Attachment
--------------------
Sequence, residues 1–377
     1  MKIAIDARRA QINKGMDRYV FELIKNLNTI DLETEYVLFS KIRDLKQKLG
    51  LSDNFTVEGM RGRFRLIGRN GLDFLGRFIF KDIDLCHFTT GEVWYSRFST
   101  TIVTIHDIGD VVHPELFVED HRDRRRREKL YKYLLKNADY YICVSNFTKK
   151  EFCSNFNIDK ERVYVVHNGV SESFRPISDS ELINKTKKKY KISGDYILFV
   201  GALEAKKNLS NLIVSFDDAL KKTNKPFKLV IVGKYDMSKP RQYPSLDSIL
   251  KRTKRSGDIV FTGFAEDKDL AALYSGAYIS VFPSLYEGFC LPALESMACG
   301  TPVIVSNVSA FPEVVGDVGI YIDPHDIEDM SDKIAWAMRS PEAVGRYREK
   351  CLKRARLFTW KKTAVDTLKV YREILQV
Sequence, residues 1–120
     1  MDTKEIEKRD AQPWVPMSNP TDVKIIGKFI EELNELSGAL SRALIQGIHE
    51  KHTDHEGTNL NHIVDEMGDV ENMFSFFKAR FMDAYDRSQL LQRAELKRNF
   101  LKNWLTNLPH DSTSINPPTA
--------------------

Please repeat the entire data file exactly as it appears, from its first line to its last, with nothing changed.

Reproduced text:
Sequence, residues 1–377
     1  MKIAIDARRA QINKGMDRYV FELIKNLNTI DLETEYVLFS KIRDLKQKLG
    51  LSDNFTVEGM RGRFRLIGRN GLDFLGRFIF KDIDLCHFTT GEVWYSRFST
   101  TIVTIHDIGD VVHPELFVED HRDRRRREKL YKYLLKNADY YICVSNFTKK
   151  EFCSNFNIDK ERVYVVHNGV SESFRPISDS ELINKTKKKY KISGDYILFV
   201  GALEAKKNLS NLIVSFDDAL KKTNKPFKLV IVGKYDMSKP RQYPSLDSIL
   251  KRTKRSGDIV FTGFAEDKDL AALYSGAYIS VFPSLYEGFC LPALESMACG
   301  TPVIVSNVSA FPEVVGDVGI YIDPHDIEDM SDKIAWAMRS PEAVGRYREK
   351  CLKRARLFTW KKTAVDTLKV YREILQV
Sequence, residues 1–120
     1  MDTKEIEKRD AQPWVPMSNP TDVKIIGKFI EELNELSGAL SRALIQGIHE
    51  KHTDHEGTNL NHIVDEMGDV ENMFSFFKAR FMDAYDRSQL LQRAELKRNF
   101  LKNWLTNLPH DSTSINPPTA